corvi (corivax) wrote,

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Will you make me wings / of ice and song / with the voice of falling snow?

I miss snow. I don't know if I miss anything else about any other place I've lived, but I miss snow. So we went to find it.

It was an intensely painful experience - about an eighth of the way into the hike, I got a severe leg cramp, as well as that disturbing involuntary-muscle-shaking feeling. Given a) my utter lack of any sense of direction, and b) being with other people, kept going. Didn't think it was worth it at the time, but already the scenery is brighter and clearer in my mind than the pain. Some nice photos, though most of these were actually taken much, much later, after a long rest inside a police car (long story, the moral of which is that leg cramps can be more trouble than you could possibly imagine!) had at least obviated the shaking enough to where I could use a camera without motion-blur.

So suppose you live in mellow-rain-all-year-round Seattle, but you're desperately homesick for snow. Where do you go? Up! That's not light/shadow on the mountain; it's yesterday night's snowfall, fallen new, unblurred by melting or winddrift. I was very amused by how knifesharp the snowline was - you could see where individual trees had snow at the top but not the bottom.

Up into the mountains. Wow. Shrouds in shadows and silver.

Coming home, a place I've never been. All the tiny details were right - the cold/metal scent of snow, the rustle and crunch of it, the way silver-gilt tree branches claw at the sky. All except those glorious mountains; those are new. I think I like them.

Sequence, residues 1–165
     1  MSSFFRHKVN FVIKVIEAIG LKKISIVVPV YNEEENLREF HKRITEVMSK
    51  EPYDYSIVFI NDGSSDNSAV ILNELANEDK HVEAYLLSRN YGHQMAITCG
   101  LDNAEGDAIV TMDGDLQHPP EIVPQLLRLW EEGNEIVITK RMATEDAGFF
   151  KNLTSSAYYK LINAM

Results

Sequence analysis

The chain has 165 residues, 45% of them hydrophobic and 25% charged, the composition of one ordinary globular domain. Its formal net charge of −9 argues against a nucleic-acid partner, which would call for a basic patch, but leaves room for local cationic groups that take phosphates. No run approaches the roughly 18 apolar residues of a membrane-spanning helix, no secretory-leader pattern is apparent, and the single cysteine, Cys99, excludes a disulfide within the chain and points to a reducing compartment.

Silliness. A Dr. Suess character, perhaps, with a five-pointed green hairdo, spindly arms, lumpy body, and a crooked smile.

I found what I was looking for, three thousand miles away from where I left it. Bird tracks, even, stretched hoppy song birds following the dusting of pine seeds, and some larger scavenger poking through slowly.
Perhaps I would wave a wand and turn a few conifers to slim, pale birches... but then again, perhaps not. Seattle is my home, too.

This image reminds me a great deal of a classic japanese sumi-e inkpainted landscape. Foreground dark, midground gray, background white. Balanced composition and color and details, especially the jagged branch overhead.

Pine trees and a partially-frozen river, all icymuttery and susurrant. I put my hands into the water, and found it only faintly cool, despite the fact that it was frozen in places. Odd.

And, as always, that one picture I can't bear to shrink too much. Ice-river again, but taken looking upstream from one of the snowy rocks.

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